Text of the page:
Paul: Yeah. Well, you know, the Attorney, Cheryl Coleman, a super-competent attorney kind of said this, “That it doesn’t make sense, you know, his alcohol piece was thrown out early.” If you remember, they did the testing and they weren’t able to use that, and yet, there was a finding that he had…he was impaired by alcohol, right?
Paul: So, you know, I think there’s some arguments for appeal but, again, the main thing here is the second-degree manslaughter. So even if you get some of those lesser ones thrown out, I don’t…
Man: Right, the 15 at least.
Paul: Yeah. I think that’s gonna sort of win the day.
Man: And then one last one for me, it’s Paul Harding from Martin, Harding & Mazzotti, 1800LAW1010 or 1800law1010.com. We were talking yesterday like they don’t sequester jurors? Like…?
Man: So they started deliberating on Friday then they go home for the weekend. They got back on…
Man: Because there was that story…
Man: …Monday and deliberate?
Man: The story about the two girls last week who…
Man: A guy and a girl busted for drugs.
Man: A guy and girl who were busted for drugs again, you know, after all this went down, like kind of showing that they hadn’t learned anything. If you’re a jury, you can kind of go back home and look at the internet. Even though you’re told not to, you know you’re gonna do it.
Paul: Well, this is what they’re told. They said, “Listen, you know, don’t do any research, don’t go on the case, don’t talk to anybody” but someone is just gonna… Yeah, that’s the kind of thing, someone might say, “Holy cow, did you see that,” you know? Sure, sequestered juries tend to be when you have just the type of…you know, number one, maybe for their protection but, two, the media is just so influential here that they just don’t want them to get exposed to it. This is not the case where they sequester. Tremendous amount of expense and inconvenience on the part of the jurors but, hopefully, the jurors did not do anything independent and do any research, and that’s sort of what they’re told to do…
Man: Now, Cheryl Coleman made a point… You know, look this is…a lot of lives have been ruined here, a lot of lives have been ruined here, and if I’m Cheryl Coleman…and I’m Alex West, God forbid, I don’t wanna be Alex West, but I’m hoping that they’re sequestered. I’m hoping the jurors don’t get to see stories like that and I’m hoping I get as little time as possible, even though I F-ed up big time, you know?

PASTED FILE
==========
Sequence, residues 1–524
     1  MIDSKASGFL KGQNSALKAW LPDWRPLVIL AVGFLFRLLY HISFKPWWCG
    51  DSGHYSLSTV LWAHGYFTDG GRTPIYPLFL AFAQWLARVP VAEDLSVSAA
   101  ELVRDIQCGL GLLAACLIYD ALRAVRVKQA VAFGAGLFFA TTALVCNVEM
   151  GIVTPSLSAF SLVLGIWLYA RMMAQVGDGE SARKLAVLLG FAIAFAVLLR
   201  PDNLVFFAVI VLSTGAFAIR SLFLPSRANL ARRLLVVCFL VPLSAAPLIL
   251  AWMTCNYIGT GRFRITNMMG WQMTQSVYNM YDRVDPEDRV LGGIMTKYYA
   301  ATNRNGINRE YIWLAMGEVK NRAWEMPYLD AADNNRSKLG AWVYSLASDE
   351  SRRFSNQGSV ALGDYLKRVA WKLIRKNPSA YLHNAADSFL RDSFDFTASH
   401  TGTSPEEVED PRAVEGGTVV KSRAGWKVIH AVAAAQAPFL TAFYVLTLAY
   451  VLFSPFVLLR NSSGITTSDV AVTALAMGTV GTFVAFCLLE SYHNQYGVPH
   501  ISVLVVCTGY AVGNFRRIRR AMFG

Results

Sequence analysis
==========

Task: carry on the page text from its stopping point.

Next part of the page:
Paul: Yeah, but, you know, that’s just the way it goes and there’s only… You know, those are the risks you take and I think that the jurors presumably did what they were supposed to. But sure, you know, just the course of just waking up in the morning, you’ve got a child, or you’ve got a relative, or somebody calls you, and you hear about that, now you’re supposed to report that back to the judge. And I didn’t hear anything about that and so I think that, at this point, probably a moot point.
Man: We’re replacing Log Bay Day with something. We haven’t come up with it yet but…
Man: With something, yeah.
Man: …I’m thinking of a fully-clothed chess tournament.
Man: One question…
Man: Chess tournament.
Man: …hate that day…
Paul: You probably get less attendance but it’s a good…yeah.
Man: Less attendance, you don’t know that yet, Paul.
Paul: Well, I don’t know that.
Man: You don’t know that.
Paul: You’re right.
Man: Less attendance.
Man: Well, listen, we appreciate all the information this morning and then thanks for coming on. Thank you.
Man: Thanks, Paul.
Man: We appreciate it.
Paul: Okay, guys, talk soon.
Man: There you go. Well, it’s Paul Harding from Martin, Harding & Mazzotti, 1800LAW1010, 1800law1010.com.
Announcer: “Quinn and Cantara,” mornings on PYX 106.
For more information on the the Alex West trial, find out what led to the verdict, Paul’s analysis of the verdict, or Paul’s interview discussing the recent shooting at Crossgates Mall along with some insights to the sentencing of Alex West.